• Is sparse representation and learning usefulness in the context of video-based action modeling and recognition? Are ideas from this application fairly general and applicable to other recognition problems? One should here explore the usefulness of sparse representation and learning in the context of video classification, looking particularly at the problem of recognizing human actions-both physical actions and facial expressions [8]. This can be achieved by constructing an overcomplete dictionary using a set of spatio-temporal descriptors (extracted from the video sequences) in such a way that each of these descriptors is represented by some linear combination of a small number of dictionary elements. By doing so, one can achieve a more compact and richer representation than classical methods using clustering and vector quantization. It is also important to see which representation (sparse vs collaborative) is the more convenient for human-action recognition.  Experiments and validation of generalization to other recognition problems can be done on several data sets containing various physical actions, facial expressions and object recognition.

Job Description:

The PhD candidate will focus on signal processing and machine learning. In this context, she will first acquire expertise in different topics such as clustering and classification, Bayesian and generative modelling, signal separation, parameter and state estimation,  time series and space state methods, compression and coding. Then, the PhD candidate is expected to contribute to the advancement of the literature on sparse representation and learning along many different lines: methodological, theoretical, algorithmic and experimental.

Profile:

The applicant must have a Master of Science in Computer Science or Computer Engineering, Statistics, or related fields, possibly with background in Signal Processing and optimization. Good written and oral communication skills in English are required.

Application:

The application should include a brief description of research interests and past experience, a CV, degrees and grades, a copy of Master thesis (or a draft thereof), motivation letter (short but pertinent to this call), relevant publications (if any), and other relevant documents. Candidates are encouraged to provide letter(s) of recommendation and contact information to reference persons. Please send your application to chaib@ift.ulaval.ca. The deadline for the application is June15th, 2014, but we encourage the applicants to contact as soon as possible:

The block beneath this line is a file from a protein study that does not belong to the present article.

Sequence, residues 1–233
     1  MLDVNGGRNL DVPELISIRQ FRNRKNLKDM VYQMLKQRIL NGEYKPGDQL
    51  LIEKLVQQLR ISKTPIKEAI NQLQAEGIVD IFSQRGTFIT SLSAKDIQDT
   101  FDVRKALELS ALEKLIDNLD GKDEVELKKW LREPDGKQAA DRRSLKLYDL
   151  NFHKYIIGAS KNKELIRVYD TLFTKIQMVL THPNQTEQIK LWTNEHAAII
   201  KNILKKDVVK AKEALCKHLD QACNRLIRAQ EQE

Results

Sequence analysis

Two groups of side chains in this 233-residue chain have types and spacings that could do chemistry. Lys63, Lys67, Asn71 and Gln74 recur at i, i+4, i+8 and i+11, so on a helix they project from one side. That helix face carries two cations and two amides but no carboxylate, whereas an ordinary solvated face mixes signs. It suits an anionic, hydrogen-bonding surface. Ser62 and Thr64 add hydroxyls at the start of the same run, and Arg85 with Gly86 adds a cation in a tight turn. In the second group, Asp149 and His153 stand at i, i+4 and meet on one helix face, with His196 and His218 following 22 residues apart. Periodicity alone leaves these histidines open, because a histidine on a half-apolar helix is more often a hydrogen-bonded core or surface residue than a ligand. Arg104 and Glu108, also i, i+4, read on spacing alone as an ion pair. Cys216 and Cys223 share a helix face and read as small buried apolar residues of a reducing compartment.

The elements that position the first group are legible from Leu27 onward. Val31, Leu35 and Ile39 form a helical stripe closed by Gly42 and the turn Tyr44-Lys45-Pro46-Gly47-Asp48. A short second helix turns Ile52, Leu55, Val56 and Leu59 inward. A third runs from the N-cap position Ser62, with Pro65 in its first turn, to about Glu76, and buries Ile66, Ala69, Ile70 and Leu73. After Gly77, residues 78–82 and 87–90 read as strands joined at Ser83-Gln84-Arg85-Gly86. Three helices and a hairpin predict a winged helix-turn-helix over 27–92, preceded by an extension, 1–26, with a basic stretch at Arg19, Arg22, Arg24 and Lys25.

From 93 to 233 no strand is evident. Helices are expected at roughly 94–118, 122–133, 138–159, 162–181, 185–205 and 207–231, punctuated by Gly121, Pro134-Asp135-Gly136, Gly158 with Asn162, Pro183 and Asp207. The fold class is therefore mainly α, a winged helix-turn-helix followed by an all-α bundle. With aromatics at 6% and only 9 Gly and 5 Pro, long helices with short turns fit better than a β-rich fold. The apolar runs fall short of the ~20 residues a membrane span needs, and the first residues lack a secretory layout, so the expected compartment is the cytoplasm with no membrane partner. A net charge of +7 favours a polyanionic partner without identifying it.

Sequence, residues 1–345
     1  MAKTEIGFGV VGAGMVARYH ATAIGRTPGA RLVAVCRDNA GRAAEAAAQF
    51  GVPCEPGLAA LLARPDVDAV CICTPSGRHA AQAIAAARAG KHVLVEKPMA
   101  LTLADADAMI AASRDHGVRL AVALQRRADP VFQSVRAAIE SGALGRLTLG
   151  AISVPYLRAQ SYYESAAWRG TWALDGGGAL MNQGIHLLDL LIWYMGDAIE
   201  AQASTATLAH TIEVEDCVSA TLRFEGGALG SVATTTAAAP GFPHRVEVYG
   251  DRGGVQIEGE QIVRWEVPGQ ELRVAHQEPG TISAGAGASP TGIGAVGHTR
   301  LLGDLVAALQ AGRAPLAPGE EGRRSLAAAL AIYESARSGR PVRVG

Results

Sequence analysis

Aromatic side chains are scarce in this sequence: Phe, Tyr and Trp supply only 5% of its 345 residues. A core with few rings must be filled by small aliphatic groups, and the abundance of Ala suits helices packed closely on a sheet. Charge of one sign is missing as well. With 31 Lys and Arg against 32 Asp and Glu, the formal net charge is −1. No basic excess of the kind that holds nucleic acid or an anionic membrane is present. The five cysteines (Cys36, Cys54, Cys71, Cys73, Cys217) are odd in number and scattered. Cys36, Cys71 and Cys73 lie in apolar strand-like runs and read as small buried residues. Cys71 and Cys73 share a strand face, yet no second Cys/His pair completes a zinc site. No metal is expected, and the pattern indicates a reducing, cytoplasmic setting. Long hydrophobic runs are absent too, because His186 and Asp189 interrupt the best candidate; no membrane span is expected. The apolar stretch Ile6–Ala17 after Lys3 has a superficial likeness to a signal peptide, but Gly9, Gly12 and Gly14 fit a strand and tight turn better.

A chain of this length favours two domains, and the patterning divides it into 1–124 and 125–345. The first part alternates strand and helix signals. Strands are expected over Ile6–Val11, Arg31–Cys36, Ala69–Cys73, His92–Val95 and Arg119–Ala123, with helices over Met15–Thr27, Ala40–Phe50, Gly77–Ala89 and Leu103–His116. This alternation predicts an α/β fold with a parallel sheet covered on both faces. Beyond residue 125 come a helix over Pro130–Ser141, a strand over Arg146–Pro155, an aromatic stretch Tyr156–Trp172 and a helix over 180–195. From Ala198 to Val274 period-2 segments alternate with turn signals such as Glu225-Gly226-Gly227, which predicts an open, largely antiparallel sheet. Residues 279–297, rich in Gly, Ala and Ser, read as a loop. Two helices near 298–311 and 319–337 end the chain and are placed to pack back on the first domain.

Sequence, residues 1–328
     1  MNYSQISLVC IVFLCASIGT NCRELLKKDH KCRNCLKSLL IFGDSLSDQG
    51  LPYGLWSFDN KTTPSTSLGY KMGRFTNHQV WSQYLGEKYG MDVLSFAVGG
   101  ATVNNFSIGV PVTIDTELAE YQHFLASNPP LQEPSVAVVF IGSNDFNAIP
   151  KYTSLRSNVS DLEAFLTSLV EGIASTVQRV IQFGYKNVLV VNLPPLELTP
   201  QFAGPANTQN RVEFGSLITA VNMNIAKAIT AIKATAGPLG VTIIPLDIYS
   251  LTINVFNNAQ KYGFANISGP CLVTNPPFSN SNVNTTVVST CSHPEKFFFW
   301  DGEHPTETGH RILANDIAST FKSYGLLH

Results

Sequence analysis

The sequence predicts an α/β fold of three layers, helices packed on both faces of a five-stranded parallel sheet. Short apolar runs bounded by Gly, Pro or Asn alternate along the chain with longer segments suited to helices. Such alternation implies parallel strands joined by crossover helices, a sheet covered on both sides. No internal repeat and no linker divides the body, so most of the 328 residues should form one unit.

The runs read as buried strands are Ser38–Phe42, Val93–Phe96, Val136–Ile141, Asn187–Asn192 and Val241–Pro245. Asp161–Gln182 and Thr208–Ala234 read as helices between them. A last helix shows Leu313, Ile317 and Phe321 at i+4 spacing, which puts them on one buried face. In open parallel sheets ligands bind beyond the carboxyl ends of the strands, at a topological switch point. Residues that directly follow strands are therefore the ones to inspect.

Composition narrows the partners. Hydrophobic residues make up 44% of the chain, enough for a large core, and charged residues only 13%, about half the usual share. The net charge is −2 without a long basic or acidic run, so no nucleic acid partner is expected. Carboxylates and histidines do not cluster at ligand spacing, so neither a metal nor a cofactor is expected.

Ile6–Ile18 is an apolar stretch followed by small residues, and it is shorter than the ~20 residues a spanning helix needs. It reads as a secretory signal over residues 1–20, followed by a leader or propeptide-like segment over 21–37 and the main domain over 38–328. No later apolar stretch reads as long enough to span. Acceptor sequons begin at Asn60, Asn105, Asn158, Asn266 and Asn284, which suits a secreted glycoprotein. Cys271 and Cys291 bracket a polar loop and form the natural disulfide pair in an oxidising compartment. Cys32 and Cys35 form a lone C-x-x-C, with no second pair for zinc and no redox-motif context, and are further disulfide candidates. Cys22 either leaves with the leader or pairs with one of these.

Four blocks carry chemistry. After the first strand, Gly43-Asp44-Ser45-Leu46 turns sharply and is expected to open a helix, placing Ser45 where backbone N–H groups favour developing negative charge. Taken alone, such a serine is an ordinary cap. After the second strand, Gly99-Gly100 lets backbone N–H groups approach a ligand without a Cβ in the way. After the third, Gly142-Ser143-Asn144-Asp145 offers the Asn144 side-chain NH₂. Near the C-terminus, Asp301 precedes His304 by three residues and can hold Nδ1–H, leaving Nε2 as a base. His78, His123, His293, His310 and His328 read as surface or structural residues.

Working Environment:

Benefits:

  • Duration: 36 months – starting date: September 2014, 1st
  • Salary: 19 000$/Year + 3 000$/year (from University)

References:

  1. Cheng, H.; Liu, Z.; Yang, L.; and Chen, X. Sparse Representation and Learning in Visual Recognition: Theory and Applications, Signal Processing, 93, 2013.
  2. Donoho, D. and Elad, M. Optimally Sparse Representation in General (non-orthogonal) Dictionaries via L1 minimization. Proc. Of the National Academy of Sciences, 100(5), 2003.
  3. Candes, E.J.; Romberg, J. K. and Tao, T. Stable Signal Recovery from Incomplete and Inaccurate Measurements. Communications on Pure and Applied Mathematics, 59(8), 2006.
  4. Candes, E. J. and Tao, T. Near optimal Signal Recovery from random Projection: Universal Encoding Strategies? IEEE Transaction on Information Theory, 52(12), 2006.
  5. Shi, Q,; Erikson, A.,; Hengel, A. and Shen, C. Is Face Recognition really a Compressive Sensing Problem? In Proc. of CVPR’11, 2011.
  6. Rigamonti, R.; Brown, M. A. and Lepetit, V.  Are Sparse Representations Really Relevant for Image Classification? In Proc. of CVPR’11, 2011.
  7. Zhang, L.; Yang, M.; and Feng X. Sparse Representation or Collaborative Representations: which Helps Face Recognition? IEEE Int. Conf on Computer Vision, 2011.
  8. Guha, T. and Ward, R. K. Learning Sparse Representations for Human Action Recognition, IEEE Transaction on PAMI, 34(8), 2012.